The Bowl Championship Series (BCS) was a selection system designed, through polls and computer statistics, to determine a No. 1 and No. 2 ranked team in the NCAA Division I Football Bowl Subdivision (FBS). After the final polls, the two top teams were chosen to play in the BCS National Championship Game which determined the BCS national champion team, but not the champion team for independent voting systems. This format was intended to be "bowl-centered" rather than a traditional playoff system, since numerous FBS Conferences have expressed their unwillingness to participate in a play-off system. However, due to the unique and often esoteric nature of the BCS format, there had been controversy as to which two teams should play for the national championship and which teams should play in the four other BCS bowl games. In this selection process, the BCS was often criticized for conference favoritism, its inequality of access for teams in non-Automatic Qualifying (non-AQ) Conferences, and perceived monopolistic, "profit-centered" motives. In terms of this last concern, Congress has explored the possibility on more than one occasion of holding hearings to determine the legality of the BCS under the terms of the Sherman Anti-Trust Act, and the United States Justice Department has also periodically announced interest in investigating the BCS for similar reasons.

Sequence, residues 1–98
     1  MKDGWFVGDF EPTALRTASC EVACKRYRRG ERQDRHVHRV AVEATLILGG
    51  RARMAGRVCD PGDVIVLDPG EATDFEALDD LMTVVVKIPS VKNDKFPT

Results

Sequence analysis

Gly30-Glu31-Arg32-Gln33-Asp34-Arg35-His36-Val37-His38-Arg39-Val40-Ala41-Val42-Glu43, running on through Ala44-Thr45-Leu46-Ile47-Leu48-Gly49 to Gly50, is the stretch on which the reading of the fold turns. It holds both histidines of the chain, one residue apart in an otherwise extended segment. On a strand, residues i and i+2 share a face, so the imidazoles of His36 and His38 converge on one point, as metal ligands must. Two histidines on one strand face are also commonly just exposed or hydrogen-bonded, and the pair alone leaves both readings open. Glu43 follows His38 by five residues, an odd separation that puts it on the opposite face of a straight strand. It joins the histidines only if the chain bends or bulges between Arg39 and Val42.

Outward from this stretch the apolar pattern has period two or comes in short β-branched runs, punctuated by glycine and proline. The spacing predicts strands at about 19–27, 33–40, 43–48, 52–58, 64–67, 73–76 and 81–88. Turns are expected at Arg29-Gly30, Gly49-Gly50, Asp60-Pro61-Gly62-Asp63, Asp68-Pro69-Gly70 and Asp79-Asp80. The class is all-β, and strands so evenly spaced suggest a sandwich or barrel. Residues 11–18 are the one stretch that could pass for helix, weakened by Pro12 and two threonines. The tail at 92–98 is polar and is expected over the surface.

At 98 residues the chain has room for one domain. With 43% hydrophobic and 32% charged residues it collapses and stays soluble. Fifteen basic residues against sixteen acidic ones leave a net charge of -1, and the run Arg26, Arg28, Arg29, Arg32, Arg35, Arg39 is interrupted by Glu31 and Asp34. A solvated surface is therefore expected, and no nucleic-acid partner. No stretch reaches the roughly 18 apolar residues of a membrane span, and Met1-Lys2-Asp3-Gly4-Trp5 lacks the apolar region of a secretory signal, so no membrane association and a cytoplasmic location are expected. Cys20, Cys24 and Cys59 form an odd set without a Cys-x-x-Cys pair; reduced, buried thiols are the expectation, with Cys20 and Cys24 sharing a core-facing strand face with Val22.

2010–11 NCAA football bowl games

The 2010–11 NCAA football bowl games concluded the 2010 NCAA Division I FBS football season and included 35 team-competitive bowl games and four all-star games. The games began play with three bowls on December 18, 2010 and included the 2011 BCS National Championship Game in Glendale, Arizona played on January 10 at the University of Phoenix Stadium. The bowl season concluded with the East–West Shrine Game, the Eastham Energy All-Star Game, the Senior Bowl, the Dixie Gridiron Classic, and the NFLPA Game. One bowl, the Toronto-based International Bowl, has ceased operations.

2012–13 NCAA football bowl games for games played in December 2012 as part of the 2012 season

The 2012–13 NCAA football bowl games were a series of college football bowl games. They concluded the 2012 NCAA Division I FBS football season, and included 35 team-competitive games and four all-star games. The games began on Saturday December 15, 2012 and, aside from the all-star games, concluded with the 2013 BCS National Championship Game in Miami Gardens, Florida that was played on January 7, 2013.